Tight-Labor Economy Boosts Training
Mike Ferguson might be forgiven for feeling like the one-man-band of hotel managers.
His day goes like this: Smile, balance the books, smile, tap at the computer keyboard, smile, correct a stubborn door lock, smile, take a reservation, smile.
"I wear lots of hats," he says, smiling.
He'd better. His employer, Marriott International, wants more from employees. The chain is booming; competition is fierce; and skilled workers are hard to find.
So Marriott is trying to do more with less, stepping up training programs for employees like Mr. Ferguson.
Marriott is far from alone, and that's good news for the American worker. Higher skills often bring higher pay.
Corporate America is targeting what many executives consider the biggest threat to United States industry today: not higher interest rates, an East Asian meltdown, or sprawling government, but a poorly trained work force.
Indeed, ill-prepared employees and poor schools top the list of the nation's worst economic problems, according to a recent survey of 39 corporate economists by the National Association for Business Economics in Washington.
And 88 percent of US manufacturers report a shortage of qualified workers in at least one job category, says a recent survey of 4,500 companies by the National Association of Manufacturers (NAM).
"Finding an adequate supply of qualified workers is the No. 1 issue for American industry today," says Earnest Deavenport, chairman of Eastman Chemical Co. and of the NAM in Washington.
Consequently, about half of manufacturers spend at least 2 percent of payroll to train hourly workers, up threefold from 1991.
Moreover, the portion of employees in formal training has swelled from 5 percent in 1987 to 16 percent today, says the American Society for Training and Development in Alexandria, Va.
The training is driven by some tectonic economic trends:
* The job market is tighter than any time in nearly a quarter-century, with an unemployment rate lower than 5 percent.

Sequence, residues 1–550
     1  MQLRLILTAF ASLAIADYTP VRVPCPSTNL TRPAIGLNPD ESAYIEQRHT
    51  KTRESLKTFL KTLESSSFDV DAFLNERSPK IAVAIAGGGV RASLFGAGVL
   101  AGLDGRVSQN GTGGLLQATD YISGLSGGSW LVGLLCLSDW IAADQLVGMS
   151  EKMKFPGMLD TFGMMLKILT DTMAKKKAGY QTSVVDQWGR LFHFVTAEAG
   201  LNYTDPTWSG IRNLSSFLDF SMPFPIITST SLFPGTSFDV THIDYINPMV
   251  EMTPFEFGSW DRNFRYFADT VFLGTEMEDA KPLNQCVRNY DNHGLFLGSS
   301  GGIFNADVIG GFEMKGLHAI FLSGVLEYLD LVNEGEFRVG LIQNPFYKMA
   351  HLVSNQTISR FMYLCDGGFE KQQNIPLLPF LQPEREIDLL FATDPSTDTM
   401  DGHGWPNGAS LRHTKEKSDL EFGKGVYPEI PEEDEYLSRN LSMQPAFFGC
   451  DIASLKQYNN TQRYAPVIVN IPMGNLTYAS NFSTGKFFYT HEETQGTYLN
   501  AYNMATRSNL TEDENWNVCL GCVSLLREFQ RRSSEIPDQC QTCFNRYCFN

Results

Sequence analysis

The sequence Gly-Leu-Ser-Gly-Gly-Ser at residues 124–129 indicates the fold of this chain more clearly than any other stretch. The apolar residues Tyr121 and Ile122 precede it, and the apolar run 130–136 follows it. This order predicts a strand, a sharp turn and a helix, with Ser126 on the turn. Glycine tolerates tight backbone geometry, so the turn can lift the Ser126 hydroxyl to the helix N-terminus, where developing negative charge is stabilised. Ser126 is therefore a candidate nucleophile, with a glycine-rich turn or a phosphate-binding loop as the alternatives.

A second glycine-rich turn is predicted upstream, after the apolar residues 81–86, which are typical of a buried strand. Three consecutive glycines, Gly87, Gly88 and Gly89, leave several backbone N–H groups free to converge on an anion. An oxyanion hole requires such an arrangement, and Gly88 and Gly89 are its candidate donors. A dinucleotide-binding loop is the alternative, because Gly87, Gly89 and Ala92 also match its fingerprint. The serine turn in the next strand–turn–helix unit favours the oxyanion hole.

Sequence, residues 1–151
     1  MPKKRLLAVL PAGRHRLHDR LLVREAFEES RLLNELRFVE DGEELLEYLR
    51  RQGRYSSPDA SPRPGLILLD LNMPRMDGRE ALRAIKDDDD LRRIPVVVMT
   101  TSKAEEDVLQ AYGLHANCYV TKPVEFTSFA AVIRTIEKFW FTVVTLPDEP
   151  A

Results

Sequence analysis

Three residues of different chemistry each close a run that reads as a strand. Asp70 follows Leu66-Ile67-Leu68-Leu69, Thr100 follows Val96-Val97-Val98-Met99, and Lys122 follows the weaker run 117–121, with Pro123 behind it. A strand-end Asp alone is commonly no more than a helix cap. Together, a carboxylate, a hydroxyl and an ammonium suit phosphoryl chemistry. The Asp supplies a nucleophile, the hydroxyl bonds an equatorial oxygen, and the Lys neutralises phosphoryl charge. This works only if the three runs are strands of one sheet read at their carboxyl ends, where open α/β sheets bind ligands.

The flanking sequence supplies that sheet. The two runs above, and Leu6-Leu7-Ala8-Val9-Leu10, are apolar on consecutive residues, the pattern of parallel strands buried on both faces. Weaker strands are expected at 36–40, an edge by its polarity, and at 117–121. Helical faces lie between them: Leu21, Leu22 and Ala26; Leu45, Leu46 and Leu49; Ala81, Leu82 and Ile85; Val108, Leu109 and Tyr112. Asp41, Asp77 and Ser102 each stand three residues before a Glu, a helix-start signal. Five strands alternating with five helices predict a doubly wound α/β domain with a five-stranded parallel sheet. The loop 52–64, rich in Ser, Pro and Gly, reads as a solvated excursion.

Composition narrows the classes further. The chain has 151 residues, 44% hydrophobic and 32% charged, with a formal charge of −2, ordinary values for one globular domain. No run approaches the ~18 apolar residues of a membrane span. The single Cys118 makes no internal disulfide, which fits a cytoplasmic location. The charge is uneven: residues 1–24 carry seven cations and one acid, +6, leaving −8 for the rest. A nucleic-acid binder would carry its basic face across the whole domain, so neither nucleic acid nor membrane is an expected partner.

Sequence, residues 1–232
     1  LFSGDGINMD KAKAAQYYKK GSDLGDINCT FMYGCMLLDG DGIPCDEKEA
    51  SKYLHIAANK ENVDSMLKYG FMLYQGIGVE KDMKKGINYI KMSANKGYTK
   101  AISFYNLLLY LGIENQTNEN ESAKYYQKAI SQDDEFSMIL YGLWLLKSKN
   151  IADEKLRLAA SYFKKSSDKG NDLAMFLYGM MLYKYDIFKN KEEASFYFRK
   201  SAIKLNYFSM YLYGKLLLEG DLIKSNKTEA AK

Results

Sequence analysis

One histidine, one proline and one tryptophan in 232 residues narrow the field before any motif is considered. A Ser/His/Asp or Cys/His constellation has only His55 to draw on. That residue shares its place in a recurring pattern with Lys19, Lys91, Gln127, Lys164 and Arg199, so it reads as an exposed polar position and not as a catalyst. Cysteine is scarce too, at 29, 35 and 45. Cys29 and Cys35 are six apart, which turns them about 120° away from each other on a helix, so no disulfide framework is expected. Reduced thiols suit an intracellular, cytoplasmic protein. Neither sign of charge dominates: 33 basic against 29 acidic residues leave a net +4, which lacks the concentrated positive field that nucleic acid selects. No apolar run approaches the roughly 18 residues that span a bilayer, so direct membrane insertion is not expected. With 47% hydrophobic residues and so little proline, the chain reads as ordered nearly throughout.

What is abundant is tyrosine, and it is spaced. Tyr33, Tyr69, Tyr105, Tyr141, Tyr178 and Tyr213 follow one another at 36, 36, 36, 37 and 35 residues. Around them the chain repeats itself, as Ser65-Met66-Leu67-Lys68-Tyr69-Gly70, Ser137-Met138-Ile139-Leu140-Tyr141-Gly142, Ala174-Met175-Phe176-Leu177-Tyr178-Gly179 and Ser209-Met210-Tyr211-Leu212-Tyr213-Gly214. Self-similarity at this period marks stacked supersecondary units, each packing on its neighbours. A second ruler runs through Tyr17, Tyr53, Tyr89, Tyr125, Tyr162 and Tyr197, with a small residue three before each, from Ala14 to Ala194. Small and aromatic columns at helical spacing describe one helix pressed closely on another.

* Disappearing, global trade barriers stiffen foreign competition for US companies, forcing them to work smarter.
* The rapid spread of high technology requires companies to spend billions making employees "computer friendly."
* Companies in many industries are rapidly merging, splintering their markets into thin slivers as they tailor products to myriad consumer profiles. This consolidation and segmentation requires a retrained and specialized work force.
Marriott, based in Bethesda, Md., epitomizes many of the work force challenges.
The huge hotel chain (179,00 employees) dramatically increased training two years ago and raised the budget 25 percent this year, says Natalie Hughes, a Marriott training executive.
Archrival Ramada recently announced its own $3 million annual training program.
Marriott and the hotel industry boast one of their biggest booms in history. Nationwide, the number of hotel rooms expanded 39 percent over the past decade, according to Coopers & Lybrand. Employment will grow 19 percent by 2005, the Labor Department predicts.
Marriott plans to double its facilities by 2000 and has geared them to narrow segments of travelers: economical, moderate-price, and luxury hotels.
But luring and retaining qualified staff are daunting for most hotels. Annual turnover rates in some segments exceed 50 percent, say industry experts.
Ferguson says he must continually update his skills to perform at his peak.
When he switched from a full-service hotel to moderately priced Marriott Courtyard, he logged three weeks of training last summer at Courtyard University.
Lectures, computer training, and deportment training at a mock front desk teach a distinct "product and culture at Courtyard," says university director Kathy Crabtree in Centreville, Va. "What our trainees really need is to be brand-specific and brand-pure."
Ferguson, an assistant manager, must take another 40 hours of training annually, and he sees certain career value: "I'm not going anywhere without it."
Workers Weighed, and Found Wanting
"The skills gap is now catching up to us and could threaten the amazing growth and productivity gains," says Earnest Deavenport, the National Association of Manufacturers (NAM) in Washington.
American workers took home a poor report-card in a recent survey of 4,500 companies by the NAM:
* 60 percent say their workers lack basic math skills.
* 55 percent find their workers are seriously weak in basic writing and comprehension skills.
* 63 percent say their workers are tardy, chronically absent, or unwilling to work a full day.
* Half found it difficult to give employees more autonomy.
* Two-thirds have difficulty improving productivity and upgrading technology.